Margaritas were the first cocktail that I learned to mix, and I developed a taste for them at an early age. Too early, most Americans would agree. When I was in high school, a super cool young woman named Kim rented a room in our house. Kim would occasionally mix up a pitcher of tequila and sweet and sour mix to share with dinner. I was forced by puritanical law to stick with the virgin variety when dining out, but at home I gained an appreciation for the real deal.
One morning I decided to put the “ice” in “isosceles” with the only thing that could make my 10th grade geometry class semi-tolerable: a stiff drink. So I mixed one up while I made myself a sandwich for lunch.
My mom wandered sleepily into the kitchen, spotted the pitcher, and asked with narrowed eyes, “Is that a margarita?” I nodded.
Noting my empty thermos, she said, “You better not take that margarita to school!” I made a show of pouting, putting the margarita in the fridge, pouting some more, and, with a heavy sigh, pouring myself a bowl of cereal.
But the minute I heard my mom start the shower, I filled the thermos with ice, added the illicit cocktail and stuck it in my backpack.
I never enjoyed geometry more than I did that day. Passing the thermos around to my friends, even parallel postulates feel like a party.
When my mom picked me up later that day, she asked wearily, “Did you take that margarita to school?” I confessed that I had. “Well,” she paused thoughtfully, “don’t do it again.”
My love of margaritas hasn’t diminished despite the fact that I rarely have to sneak them anymore. And I now I make them with agave, fresh lime juice and good tequila. Sometimes I add in blood orange juice, strawberries or hibiscus. When I scored a bunch of ripe, ruby pomegranates from Jay’s mom’s tree last week, I squeezed a couple and added the crimson juice to the mix. After some flavor-tweaking, this is the version we’ve been enjoying.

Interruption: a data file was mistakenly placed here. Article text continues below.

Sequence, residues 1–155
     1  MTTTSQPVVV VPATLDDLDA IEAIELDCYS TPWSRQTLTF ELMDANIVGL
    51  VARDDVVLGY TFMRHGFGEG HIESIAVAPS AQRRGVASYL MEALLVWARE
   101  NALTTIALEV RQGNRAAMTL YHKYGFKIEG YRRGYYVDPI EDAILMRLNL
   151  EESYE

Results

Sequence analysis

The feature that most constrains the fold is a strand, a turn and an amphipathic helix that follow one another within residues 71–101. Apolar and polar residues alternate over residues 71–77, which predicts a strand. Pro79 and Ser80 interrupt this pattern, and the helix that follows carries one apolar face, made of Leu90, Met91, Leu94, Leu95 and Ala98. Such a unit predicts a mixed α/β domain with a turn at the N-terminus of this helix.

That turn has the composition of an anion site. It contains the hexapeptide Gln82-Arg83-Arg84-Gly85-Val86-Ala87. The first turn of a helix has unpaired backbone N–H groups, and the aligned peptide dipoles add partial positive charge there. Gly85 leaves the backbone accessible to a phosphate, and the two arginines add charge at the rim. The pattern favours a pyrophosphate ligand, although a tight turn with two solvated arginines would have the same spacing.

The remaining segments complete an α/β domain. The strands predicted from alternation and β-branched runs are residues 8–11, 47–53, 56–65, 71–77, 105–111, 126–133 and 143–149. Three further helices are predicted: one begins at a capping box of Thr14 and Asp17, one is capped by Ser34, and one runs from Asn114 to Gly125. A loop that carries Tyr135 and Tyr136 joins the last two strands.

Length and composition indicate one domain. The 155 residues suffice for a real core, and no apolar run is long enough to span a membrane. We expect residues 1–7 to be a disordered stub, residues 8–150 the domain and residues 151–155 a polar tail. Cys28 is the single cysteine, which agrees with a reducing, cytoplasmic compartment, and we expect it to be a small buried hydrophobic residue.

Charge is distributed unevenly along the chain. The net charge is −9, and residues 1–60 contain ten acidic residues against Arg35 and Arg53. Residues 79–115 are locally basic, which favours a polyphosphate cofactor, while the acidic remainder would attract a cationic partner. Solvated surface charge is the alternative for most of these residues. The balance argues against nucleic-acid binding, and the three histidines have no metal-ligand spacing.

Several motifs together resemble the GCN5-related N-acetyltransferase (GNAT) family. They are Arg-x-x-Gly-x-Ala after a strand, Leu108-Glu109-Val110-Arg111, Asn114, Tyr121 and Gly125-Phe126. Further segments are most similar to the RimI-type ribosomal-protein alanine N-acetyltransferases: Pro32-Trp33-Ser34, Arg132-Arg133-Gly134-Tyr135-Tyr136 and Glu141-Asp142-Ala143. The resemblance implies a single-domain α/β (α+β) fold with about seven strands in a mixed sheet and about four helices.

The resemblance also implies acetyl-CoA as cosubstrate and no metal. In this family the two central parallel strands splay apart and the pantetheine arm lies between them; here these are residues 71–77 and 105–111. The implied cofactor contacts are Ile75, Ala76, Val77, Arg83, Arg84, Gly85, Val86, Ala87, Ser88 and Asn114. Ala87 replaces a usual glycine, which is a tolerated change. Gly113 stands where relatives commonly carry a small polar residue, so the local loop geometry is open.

I tried adding Cointreau, since orange liqueur is a standard in margaritas and orange is also frequently paired with pomegranate. However, Jay and I both found that the bitter notes and orange flavor overpowered the more subtle pomegranate. We preferred the cleaner version of the drink sweetened only with a little agave, which maintains a balance of salty tequila, tangy lime and sweet-tart pomegranate, with each flavor ringing out clearly.
Extracting the juice from a pomegranate takes some doing, but the clean taste is worth the effort (though I wouldn’t do it for a crowd). First, choose pomegranates that feel heavy for their size and have their skin pulled taut around the arils inside. Leaving the pomegranate whole, firmly press it with your thumbs and roll it on the counter to break up the arils inside. Try not to crack the pomegranate, and be sure to wear black clothes and an apron while you work, in case the skin cracks and flings bright red juice everywhere. Set a strainer over a bowl and stab a hole in the pomegranate, squeezing the juice out. Eventually, the fruit will break in half; add any un-popped arils to the strainer and press them to extract the juice. You’ll need 1-2 pomegranates per drink.
Alternately, look for fresh-squeezed pomegranate juice at farmers markets in the fall, or use fresh, flash-pasteurized juice such as Evolution brand.
I hope you enjoy this refreshing fall beverage. Hopefully, you won’t get in trouble for doing so.
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Pomegranate MargaritaPrint Recipe / Pin Recipe
- 2 ounces pomegranate juice (see headnote) (1/4 cup)
- 2 ounces tequila (1/4 cup)
- 1/2 ounce lime juice (1 tablespoon)
- 2 teaspoons agave
- lime slices and pomegranate arils, for garnish
- Stir everything together in a small pitcher until the agave is dissolved. Pour into a glass filed with ice, and garnish with a lime slice and some pomegranate arils.
If you don’t have the time or energy to make fresh pomegranate juice (see instructions in post, above), look for fresh juice at farmers markets, or use a flash pasteurized variety that contains only pomegranate, such as Evolution brand, carried at Whole Foods. Use a decent-quality gold tequila here, such as Patron or Cazadores. The quantities of lime juice and agave will vary with the sweet/tartness of your pomegranate juice, so start with the amounts listed and add more as needed to balance flavors.
2 ounces (1/4 cup) pomegranate juice (see headnote)
2 ounces (1/4 cup) tequila
1/2 ounce (1 tablespoon) lime juice
2 teaspoons agave
lime slices and pomegranate arils, for garnish
Stir everything together in a small pitcher until the agave is dissolved. Pour into a glass filed with ice, and garnish with a lime slice and some pomegranate arils.